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The esophagus is a muscular tube whose function is to transport ingested material from the pharynx to the stomach. Its function is the result of a complex symphony of neuromuscular coordination. The esophagus is subject to a variety of disorders, both congenital and acquired. This chapter deals with the most common benign disorders encountered by the surgeon. These include paraesophageal hernias (PEHs), esophageal diverticula, and motility disorders. Our goal is to provide a logical and efficient approach to the evaluation and management of these disorders. Esophageal malignancy and gastroesophageal reflux disease (GERD) are addressed elsewhere in this book.

Paraesophageal hernias (PEHs) result from a defect at the diaphragmatic hiatus. Upward displacement of abdominal contents into the mediastinum occurs due to widening of the hiatal aperture between the right and left crura. The negative pressure of the chest creates a downward pressure gradient from the abdomen further facilitating this shift. Herniation may result from congenital anatomic causes, or it may be a result of trauma or iatrogenic causes. Prior surgery involving the gastroesophageal junction (GEJ), including esophageal mobilization, crural repair, or fundoplication, can result in PEH formation. The stomach is the organ most frequently involved; other organs including the colon, omentum, spleen, liver, and pancreas may also be associated.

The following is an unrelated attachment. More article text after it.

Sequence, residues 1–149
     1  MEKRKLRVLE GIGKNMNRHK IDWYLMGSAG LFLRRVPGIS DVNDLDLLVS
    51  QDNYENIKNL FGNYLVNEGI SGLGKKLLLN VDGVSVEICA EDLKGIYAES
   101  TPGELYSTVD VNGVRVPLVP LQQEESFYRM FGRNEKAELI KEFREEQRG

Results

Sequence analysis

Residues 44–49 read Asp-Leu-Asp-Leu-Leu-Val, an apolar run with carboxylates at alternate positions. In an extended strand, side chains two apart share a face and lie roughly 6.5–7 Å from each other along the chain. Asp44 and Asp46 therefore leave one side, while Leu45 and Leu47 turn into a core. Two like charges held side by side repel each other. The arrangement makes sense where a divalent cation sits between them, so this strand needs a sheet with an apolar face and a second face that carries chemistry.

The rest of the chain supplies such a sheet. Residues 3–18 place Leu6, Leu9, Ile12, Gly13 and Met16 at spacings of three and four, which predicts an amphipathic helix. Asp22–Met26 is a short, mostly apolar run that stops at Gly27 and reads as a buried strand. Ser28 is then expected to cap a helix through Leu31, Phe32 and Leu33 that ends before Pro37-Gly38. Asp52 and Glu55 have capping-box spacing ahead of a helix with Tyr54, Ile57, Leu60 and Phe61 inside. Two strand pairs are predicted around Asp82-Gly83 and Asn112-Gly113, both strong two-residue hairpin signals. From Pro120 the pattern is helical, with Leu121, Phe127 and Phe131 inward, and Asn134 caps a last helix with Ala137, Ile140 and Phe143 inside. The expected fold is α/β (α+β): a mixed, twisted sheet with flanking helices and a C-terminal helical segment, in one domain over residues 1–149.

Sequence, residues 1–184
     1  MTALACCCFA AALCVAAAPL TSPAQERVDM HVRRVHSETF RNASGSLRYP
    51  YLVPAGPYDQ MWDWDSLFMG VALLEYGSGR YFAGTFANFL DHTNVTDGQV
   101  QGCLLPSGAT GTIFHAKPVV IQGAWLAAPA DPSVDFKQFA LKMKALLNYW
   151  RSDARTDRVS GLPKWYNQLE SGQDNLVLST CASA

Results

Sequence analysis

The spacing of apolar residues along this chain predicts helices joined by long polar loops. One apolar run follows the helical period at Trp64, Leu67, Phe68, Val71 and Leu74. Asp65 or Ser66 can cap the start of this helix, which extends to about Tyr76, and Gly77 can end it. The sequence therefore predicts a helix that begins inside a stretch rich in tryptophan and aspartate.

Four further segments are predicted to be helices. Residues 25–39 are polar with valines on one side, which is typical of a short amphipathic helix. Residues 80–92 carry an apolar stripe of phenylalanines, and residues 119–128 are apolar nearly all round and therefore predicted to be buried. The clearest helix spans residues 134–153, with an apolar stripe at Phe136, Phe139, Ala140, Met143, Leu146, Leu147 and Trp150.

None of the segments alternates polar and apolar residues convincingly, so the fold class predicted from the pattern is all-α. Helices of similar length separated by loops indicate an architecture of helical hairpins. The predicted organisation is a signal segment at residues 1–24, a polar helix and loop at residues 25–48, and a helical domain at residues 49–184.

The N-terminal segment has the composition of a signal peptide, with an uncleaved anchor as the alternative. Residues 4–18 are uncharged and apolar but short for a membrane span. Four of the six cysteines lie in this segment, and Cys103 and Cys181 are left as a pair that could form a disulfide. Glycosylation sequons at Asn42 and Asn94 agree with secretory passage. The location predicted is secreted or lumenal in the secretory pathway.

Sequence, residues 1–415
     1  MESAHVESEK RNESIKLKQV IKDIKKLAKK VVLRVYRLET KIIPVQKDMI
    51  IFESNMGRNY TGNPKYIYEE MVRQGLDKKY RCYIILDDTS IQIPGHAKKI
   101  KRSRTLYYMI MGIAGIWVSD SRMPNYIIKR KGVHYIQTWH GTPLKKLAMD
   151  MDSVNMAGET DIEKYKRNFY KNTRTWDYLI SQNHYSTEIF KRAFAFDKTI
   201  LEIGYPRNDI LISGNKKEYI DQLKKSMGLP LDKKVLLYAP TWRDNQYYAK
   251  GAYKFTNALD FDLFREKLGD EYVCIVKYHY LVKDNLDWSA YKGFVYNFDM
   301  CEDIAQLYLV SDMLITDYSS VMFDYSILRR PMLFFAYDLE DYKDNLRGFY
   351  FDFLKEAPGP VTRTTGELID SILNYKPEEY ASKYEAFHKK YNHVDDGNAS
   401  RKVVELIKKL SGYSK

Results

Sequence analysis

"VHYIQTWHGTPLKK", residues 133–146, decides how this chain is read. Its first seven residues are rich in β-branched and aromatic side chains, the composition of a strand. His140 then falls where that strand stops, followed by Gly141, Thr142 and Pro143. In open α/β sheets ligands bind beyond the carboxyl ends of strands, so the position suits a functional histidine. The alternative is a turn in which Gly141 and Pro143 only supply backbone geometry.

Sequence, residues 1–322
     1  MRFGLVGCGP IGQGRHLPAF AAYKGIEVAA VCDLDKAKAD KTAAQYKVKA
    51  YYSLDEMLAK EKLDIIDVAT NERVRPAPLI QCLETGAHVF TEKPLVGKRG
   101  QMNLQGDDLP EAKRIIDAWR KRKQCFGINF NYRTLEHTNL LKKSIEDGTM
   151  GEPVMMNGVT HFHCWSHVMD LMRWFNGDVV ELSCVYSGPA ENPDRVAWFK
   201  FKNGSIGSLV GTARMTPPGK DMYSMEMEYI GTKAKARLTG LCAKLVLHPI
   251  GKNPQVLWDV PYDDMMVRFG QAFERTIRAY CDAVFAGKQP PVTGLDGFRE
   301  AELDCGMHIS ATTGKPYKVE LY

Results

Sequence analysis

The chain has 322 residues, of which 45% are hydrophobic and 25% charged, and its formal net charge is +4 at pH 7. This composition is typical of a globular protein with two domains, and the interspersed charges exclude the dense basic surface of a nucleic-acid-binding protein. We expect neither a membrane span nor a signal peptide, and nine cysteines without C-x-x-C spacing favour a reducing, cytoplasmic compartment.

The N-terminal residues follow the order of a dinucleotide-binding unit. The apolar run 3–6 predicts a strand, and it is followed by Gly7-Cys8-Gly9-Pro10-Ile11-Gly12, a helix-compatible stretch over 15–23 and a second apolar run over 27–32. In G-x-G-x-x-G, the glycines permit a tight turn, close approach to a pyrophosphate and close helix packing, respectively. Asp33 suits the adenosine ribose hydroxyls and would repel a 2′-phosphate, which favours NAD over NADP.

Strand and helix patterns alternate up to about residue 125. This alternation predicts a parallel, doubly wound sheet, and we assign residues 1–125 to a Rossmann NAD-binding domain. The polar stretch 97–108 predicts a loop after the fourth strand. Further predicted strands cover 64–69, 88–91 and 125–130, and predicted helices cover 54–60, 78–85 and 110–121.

Etiology and Anatomic Classification

Hiatal hernias are classified according to the location of the GEJ in relation to the diaphragmatic hiatus and also by the contents of the hernia sac. Type I hiatal hernias are by far most common and are characterized by cephalad displacement of the GEJ above the hiatus into the mediastinum (Fig. 14-1). Type I hiatal hernias are often referred to as sliding hiatal hernias and are typically reducible. Patients with type I hiatal hernias often suffer from gastroesophageal reflux (GER) as a consequence of the altered anatomy and mechanical function of the lower esophageal sphincter (LES) and hiatal complex. Loss of intra-abdominal esophageal length and alteration of the angle of His contribute to this. If type I hiatal hernias enlarge significantly, they may become fixed above the hiatus.

Figure 14-1

Type I hiatal hernia or sliding hiatal hernia. (Oelschlager B, Eubanks T, Pellegrini C. SabistonTextbook of Surgery, 18th ed, Chapter 42.)

Type II hiatal hernias are considered true paraesophageal hernias and result from cephalad displacement of the fundus of the stomach into the mediastinum. The GEJ itself remains in its normal intra-abdominal location (Fig. 14-2). Dysphagia is a common symptom associated with a type II hiatal hernia, usually due to compression of the esophagus by the stomach. These types of hernia are also referred to as “rolling” hernias. Herniated portions of the stomach are typically found in the posterior mediastinum. These are the least common type of hiatal hernia.


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